I usually try and plan starters so that they spend 24-48 hours in the fridge before use to give them time to settle out. If I have to go leave them for an extra couple of days I don't fret about it. I also don't account for the few days of yeast dying off between making it and pitching it. If you want to you can, but the few days difference isn't going to amount to much of a change, especially given that these sorts of a calculators are pretty much guesses to begin with.

Cheers!

Kal

_________________
Our new shop with over 150 new products: shop.TheElectricBrewery.com
Purchasing through our affiliate links helps support our site at no extra cost to you. We thank you!
My basement/bar/brewery build 2.0
Back to top
View user's photo album (21 photos)
pedactyl



Joined: 01 Dec 2017
Posts: 22
Location: Seattle

Drinking: yes


PostLink    Posted: Wed May 15, 2019 7:43 pm    Post subject: Reply with quote

Thanks Kal!
Back to top
alphakry



Joined: 27 Oct 2018
Posts: 45


Drinking: Cider [extract]

Working on: Gin Barrel Saison [extract]


PostLink    Posted: Wed May 22, 2019 5:48 pm    Post subject: Reply with quote

What about storing the yeast dump after fermentation?

I ran into a scheduling issue where I ended up dumping my yeast from the conical into a few vessels - but didn't have time to rinse/wash the yeast... so instead, the dump was just capped off and brought down to around 37F/3C degrees. They've been that way for about 8 days now.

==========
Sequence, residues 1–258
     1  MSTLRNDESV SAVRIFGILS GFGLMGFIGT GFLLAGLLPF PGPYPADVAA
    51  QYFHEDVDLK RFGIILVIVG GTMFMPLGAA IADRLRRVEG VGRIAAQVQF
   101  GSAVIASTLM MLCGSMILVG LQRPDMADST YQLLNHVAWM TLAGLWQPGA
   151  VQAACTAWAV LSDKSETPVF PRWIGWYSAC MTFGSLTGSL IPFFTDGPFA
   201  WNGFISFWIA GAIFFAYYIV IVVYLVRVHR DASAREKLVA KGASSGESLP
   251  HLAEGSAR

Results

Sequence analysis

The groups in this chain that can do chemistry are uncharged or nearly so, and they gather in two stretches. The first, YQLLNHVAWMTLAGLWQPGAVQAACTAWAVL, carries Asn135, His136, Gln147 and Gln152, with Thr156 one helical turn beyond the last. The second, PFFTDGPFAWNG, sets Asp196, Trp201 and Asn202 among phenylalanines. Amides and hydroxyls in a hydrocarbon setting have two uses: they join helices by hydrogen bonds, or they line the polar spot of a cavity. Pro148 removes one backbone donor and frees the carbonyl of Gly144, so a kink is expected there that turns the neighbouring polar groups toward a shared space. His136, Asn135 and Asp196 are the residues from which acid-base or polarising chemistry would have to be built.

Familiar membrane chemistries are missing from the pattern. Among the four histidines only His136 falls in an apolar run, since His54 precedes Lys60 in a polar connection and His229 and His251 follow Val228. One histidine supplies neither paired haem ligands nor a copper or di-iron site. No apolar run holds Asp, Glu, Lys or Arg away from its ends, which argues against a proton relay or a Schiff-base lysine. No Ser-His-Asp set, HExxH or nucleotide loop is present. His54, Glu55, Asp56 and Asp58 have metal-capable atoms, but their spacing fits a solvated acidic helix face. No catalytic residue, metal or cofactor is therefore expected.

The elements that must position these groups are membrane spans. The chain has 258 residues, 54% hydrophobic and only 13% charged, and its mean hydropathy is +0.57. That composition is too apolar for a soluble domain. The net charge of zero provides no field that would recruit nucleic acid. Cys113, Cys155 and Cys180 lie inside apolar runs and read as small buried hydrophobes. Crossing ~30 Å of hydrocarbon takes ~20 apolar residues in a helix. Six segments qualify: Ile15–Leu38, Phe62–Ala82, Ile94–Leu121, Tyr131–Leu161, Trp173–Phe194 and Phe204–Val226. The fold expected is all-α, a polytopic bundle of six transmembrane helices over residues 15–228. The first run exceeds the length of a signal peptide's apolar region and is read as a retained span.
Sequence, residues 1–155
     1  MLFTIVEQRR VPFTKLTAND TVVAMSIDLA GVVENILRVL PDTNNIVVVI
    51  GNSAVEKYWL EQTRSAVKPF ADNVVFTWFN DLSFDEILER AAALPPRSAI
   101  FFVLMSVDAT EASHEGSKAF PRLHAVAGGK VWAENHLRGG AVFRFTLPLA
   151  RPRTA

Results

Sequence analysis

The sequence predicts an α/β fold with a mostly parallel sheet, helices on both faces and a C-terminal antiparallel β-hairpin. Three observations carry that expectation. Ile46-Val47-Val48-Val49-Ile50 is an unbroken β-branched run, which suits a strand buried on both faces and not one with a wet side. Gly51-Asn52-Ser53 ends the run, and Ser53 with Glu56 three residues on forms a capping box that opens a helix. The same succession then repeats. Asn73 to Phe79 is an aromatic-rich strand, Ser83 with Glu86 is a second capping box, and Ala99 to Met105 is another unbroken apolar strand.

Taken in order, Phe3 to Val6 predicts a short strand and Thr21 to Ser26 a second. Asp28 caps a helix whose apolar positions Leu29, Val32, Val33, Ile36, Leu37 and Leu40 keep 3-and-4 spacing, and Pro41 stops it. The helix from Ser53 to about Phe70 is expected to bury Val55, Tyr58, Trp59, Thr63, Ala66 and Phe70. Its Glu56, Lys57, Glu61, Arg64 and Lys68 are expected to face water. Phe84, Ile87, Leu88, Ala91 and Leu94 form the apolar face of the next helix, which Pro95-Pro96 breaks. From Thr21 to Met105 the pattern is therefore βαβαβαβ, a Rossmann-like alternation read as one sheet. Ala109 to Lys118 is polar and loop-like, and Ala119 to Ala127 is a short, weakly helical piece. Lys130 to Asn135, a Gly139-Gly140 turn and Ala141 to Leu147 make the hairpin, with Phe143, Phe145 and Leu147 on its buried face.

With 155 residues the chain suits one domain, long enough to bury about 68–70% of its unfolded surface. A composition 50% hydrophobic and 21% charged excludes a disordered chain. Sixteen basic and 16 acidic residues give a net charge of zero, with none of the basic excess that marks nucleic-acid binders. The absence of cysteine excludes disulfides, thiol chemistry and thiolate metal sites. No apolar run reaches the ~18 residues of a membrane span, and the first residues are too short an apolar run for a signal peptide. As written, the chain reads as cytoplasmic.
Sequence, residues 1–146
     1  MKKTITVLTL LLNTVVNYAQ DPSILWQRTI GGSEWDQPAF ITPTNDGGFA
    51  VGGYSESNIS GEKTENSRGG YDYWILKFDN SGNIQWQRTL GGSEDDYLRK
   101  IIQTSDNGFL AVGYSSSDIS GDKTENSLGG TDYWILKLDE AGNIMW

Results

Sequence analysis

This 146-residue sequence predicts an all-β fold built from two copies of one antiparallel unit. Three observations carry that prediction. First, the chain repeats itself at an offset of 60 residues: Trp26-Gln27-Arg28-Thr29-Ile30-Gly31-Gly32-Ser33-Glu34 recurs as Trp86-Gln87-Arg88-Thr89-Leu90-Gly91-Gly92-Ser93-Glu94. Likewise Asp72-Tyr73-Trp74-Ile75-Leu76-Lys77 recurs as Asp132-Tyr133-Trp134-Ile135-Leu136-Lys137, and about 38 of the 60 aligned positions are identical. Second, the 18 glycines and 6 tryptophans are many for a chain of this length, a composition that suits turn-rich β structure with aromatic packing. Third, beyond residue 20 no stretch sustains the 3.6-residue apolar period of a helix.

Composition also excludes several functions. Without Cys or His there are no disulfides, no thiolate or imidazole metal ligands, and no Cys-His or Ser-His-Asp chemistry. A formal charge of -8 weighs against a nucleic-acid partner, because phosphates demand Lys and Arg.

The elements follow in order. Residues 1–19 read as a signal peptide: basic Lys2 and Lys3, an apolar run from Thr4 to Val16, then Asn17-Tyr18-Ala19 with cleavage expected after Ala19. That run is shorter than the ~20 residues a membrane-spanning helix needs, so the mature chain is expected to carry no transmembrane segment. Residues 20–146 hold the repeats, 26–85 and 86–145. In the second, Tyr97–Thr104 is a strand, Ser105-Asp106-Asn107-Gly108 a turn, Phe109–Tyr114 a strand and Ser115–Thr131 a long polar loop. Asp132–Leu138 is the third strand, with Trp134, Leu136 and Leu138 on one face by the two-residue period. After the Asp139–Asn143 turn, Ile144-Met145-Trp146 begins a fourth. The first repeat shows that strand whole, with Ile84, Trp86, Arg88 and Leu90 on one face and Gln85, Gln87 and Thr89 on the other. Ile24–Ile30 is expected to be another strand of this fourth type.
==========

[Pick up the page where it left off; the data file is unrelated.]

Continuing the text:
Looking at the attached photos, I noticed the layers of trub/yeast aren't as distinct and separate from each other as they were in the first 24 hours of letting it chill and settle. Can I still use these to rinse and reuse the yeast after 8 days of sitting in this state?

My intent is to use this in a new starter for the same exact beer. Or better yet - pitch directly - though I doubt there's enough viable yeast in this dump. I'd hope to get a good number of generations out of this yeast.



IMG_6042.jpg
 Description:
 Filesize:  290.19 KB
 Viewed:  391 Time(s)

IMG_6042.jpg



IMG_6041.jpg
 Description:
 Filesize:  240.59 KB
 Viewed:  391 Time(s)

IMG_6041.jpg



IMG_6040.jpg
 Description:
 Filesize:  294.85 KB
 Viewed:  391 Time(s)

IMG_6040.jpg



_________________
painfully aware of his inexperience and the questions that come due to it...
Back to top
kal
Forum Administrator


Joined: 12 Dec 2010
Posts: 9935
Location: Ottawa, Canada

Drinking: German Lager, Electric Hop Candy Jr, Scottish 70/-, Cali Common, Maibock, Helles, Russian Imperial Stout, Black Butte Porter

Working on: Weizen


PostLink    Posted: Wed May 22, 2019 6:39 pm    Post subject: Reply with quote

alphakry wrote:
Can I still use these to rinse and reuse the yeast after 8 days of sitting in this state?

8 days (assuming they were in the fridge) isn't that long. Most would probably say go for it.

Kal

_________________
Our new shop with over 150 new products: shop.TheElectricBrewery.com
Purchasing through our affiliate links helps support our site at no extra cost to you. We thank you!
My basement/bar/brewery build 2.0
Back to top
View user's photo album (21 photos)
Display posts from previous:   
Post new topic   Reply to topic   Printer-friendly view    TheElectricBrewery.com Forum Index -> Yeast & Fermentation All times are GMT
Goto page Previous  1, 2, 3
Page 3 of 3
Jump to:  
You cannot post new topics in this forum
You cannot reply to topics in this forum
You cannot edit your posts in this forum
You cannot delete your posts in this forum
You cannot vote in polls in this forum
You cannot attach files in this forum
You can download files in this forum


Support our site by purchasing through this link. We thank you!

Forum powered by phpBB © phpBB Group